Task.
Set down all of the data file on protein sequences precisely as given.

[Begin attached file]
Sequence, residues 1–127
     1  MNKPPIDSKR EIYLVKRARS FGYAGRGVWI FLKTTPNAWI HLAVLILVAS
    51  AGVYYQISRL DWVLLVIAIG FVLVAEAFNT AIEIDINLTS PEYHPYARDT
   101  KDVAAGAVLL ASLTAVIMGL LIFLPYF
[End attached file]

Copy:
Sequence, residues 1–127
     1  MNKPPIDSKR EIYLVKRARS FGYAGRGVWI FLKTTPNAWI HLAVLILVAS
    51  AGVYYQISRL DWVLLVIAIG FVLVAEAFNT AIEIDINLTS PEYHPYARDT
   101  KDVAAGAVLL ASLTAVIMGL LIFLPYF